Give direct, honest answers. Take your time. Develop the answer in your head before you respond. If you don’t understand a question, ask for it to be repeated or clarified. You don’t have to rush, but don’t be indecisive.
Ask questions in return.
Be prepared. Answering difficult questions that may reflect negatively on you can be answered by using the “sandwich model.” This model has a positive statement followed by admitting the negative situation, and ending with another positive statement about what you’ve done to overcome the problem. Ending with a positive statement leaves a positive impression. Anticipate tough questions and practice interviewing beforehand.Why were you let go?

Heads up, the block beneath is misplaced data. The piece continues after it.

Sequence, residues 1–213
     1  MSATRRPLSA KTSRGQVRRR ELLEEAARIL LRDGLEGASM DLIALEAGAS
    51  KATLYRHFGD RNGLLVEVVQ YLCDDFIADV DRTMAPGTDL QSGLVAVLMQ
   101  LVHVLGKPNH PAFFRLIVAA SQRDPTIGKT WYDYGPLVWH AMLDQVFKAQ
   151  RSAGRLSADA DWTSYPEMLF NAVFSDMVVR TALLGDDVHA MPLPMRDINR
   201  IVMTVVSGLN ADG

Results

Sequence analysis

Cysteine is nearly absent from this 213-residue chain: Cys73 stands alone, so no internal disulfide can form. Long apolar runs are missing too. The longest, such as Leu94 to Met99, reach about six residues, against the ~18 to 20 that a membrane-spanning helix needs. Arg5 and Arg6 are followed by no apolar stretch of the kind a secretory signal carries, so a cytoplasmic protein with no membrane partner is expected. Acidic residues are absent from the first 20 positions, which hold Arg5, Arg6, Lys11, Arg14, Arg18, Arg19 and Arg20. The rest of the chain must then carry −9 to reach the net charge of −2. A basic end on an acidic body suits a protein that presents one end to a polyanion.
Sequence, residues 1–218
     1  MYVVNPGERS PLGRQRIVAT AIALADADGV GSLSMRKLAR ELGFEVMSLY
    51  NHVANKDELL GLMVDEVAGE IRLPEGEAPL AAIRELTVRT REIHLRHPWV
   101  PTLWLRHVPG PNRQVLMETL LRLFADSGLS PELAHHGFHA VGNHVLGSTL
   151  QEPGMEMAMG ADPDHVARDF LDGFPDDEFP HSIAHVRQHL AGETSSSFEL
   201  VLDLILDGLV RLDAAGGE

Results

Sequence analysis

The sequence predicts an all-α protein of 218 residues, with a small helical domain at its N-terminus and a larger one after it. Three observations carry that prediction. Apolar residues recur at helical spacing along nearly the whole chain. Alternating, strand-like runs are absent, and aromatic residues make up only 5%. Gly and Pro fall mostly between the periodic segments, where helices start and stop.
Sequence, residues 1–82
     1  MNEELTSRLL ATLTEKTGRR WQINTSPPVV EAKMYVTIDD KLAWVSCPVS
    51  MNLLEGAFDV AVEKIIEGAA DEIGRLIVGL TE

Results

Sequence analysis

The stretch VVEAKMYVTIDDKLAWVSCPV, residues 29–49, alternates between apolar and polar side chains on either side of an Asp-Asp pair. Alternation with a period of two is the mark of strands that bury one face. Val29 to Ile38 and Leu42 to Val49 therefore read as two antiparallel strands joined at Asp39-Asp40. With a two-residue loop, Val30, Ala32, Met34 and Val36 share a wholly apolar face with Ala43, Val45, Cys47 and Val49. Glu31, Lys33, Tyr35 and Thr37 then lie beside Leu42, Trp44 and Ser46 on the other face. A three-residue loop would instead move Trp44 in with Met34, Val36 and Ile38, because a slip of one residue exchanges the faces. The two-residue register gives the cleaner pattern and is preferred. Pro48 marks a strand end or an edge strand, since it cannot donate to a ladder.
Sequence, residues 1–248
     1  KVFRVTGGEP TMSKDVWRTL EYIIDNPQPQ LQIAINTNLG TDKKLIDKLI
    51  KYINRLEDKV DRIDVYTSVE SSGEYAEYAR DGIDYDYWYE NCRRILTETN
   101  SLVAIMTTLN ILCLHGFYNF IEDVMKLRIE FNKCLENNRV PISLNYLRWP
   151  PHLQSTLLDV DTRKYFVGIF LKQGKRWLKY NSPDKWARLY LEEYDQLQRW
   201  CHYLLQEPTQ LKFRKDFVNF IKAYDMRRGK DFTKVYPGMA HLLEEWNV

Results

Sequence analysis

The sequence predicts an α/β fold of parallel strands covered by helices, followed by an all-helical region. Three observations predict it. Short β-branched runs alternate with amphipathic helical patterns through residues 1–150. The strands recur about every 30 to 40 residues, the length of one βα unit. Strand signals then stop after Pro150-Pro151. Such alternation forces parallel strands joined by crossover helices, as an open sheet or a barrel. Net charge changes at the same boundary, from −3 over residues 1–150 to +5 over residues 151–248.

Or, if you were fired, career expert and columnist Joyce Lain Kennedy suggests several great answers, among them the following.
It appears you haven’t worked in the last five years or 10 years. Why?
I’ve been busy going to school full time (specify), raising two children and managing my home. Doing that on a daily basis gave me a lot of skills we generally don’t acknowledge, like leadership, time management, teaching, coordination, planning and so forth.
I needed to address some health issues. It would not have been fair to an employer if I took too much time off from work. I’m now ready to return to work and give you 100 percent.
I was trained in machine operation while at a correctional facility. I have now completed my GED® and am ready to work for you.